Mozilla has struck a deal with Yahoo to make the latter Firefox's default search engine on desktop and mobile.
This means Yahoo will replace Google, which has been the Firefox default for a decade.
In conjunction with the announcement, Yahoo has said that it will roll out new search functions in December and add Firefox support for Do Not Track. The deal is set to last for five years.
Firefox currently has an approximate 17 per cent share of the browser market, with Yahoo – whose search is powered by Microsoft's Bing – claiming a ten per cent share of the search market.
Google has been the Firefox global search default since 2004. Our agreement came up for renewal this year, and we took this as an opportunity to review our competitive strategy and explore our options,” Mozilla CEO Chris Beard said.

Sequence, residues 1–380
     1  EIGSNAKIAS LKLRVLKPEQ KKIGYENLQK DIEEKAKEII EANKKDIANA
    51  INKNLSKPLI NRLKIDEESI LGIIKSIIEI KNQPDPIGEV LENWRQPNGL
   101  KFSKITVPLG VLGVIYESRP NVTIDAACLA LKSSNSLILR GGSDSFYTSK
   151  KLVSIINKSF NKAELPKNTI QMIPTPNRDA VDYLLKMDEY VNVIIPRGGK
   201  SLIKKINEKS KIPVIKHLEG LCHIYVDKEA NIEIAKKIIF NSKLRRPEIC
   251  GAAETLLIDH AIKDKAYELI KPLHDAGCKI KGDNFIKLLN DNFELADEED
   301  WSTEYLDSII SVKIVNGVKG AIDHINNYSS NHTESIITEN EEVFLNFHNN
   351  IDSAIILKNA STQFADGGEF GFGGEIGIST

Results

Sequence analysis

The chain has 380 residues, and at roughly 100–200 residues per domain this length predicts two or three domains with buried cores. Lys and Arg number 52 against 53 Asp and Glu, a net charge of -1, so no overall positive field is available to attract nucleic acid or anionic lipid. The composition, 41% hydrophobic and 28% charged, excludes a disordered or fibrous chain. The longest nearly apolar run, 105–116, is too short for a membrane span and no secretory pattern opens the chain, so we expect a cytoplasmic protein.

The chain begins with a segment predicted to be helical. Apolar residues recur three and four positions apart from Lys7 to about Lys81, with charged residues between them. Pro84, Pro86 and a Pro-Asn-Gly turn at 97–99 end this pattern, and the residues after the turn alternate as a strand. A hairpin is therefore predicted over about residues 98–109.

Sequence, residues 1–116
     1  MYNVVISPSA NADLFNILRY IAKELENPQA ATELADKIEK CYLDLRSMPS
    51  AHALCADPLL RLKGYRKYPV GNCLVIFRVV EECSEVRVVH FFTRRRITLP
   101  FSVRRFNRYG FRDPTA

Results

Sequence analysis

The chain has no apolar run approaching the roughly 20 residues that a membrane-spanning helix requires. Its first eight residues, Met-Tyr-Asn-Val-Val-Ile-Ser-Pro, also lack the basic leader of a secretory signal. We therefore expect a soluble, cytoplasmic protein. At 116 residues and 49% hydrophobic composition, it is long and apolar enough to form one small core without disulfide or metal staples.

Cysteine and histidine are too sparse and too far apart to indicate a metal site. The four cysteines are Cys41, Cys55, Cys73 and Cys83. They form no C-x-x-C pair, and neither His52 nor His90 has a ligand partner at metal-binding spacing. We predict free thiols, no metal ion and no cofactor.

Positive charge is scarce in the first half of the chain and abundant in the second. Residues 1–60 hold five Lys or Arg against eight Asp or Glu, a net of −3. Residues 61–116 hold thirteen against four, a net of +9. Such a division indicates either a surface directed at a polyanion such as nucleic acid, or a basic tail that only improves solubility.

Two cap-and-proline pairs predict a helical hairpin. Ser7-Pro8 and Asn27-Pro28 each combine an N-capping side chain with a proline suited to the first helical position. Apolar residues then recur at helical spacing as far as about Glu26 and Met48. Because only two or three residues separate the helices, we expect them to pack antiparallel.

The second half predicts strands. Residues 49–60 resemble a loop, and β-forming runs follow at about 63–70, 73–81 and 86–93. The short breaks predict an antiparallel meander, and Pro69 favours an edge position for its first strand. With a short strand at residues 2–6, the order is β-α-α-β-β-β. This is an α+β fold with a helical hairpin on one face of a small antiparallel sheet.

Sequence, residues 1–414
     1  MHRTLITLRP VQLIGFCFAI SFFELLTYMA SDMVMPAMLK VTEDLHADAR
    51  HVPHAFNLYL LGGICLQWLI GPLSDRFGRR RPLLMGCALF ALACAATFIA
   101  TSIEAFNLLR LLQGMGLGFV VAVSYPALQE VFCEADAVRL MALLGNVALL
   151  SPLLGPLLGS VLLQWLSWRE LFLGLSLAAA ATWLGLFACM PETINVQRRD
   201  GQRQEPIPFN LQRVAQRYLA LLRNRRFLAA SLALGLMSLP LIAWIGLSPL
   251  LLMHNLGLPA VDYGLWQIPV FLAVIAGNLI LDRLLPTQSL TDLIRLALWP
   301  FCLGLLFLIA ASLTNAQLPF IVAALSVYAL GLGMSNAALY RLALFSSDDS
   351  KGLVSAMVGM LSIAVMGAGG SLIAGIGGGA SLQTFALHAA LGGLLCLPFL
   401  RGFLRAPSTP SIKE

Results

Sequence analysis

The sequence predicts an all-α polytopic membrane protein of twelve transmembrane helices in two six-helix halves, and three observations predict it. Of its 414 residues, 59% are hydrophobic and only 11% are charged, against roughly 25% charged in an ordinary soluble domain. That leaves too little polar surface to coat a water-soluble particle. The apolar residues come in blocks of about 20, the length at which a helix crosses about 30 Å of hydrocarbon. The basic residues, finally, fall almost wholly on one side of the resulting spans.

In evaluating our search partnerships, our primary consideration was to ensure our strategy aligned with our values of choice and independence, and positions us to innovate and advance our mission in ways that best serve our users and the Web.
In the end, each of the partnership options available to us had strong, improved economic terms reflecting the significant value that Firefox brings to the ecosystem. But one strategy stood out from the rest.”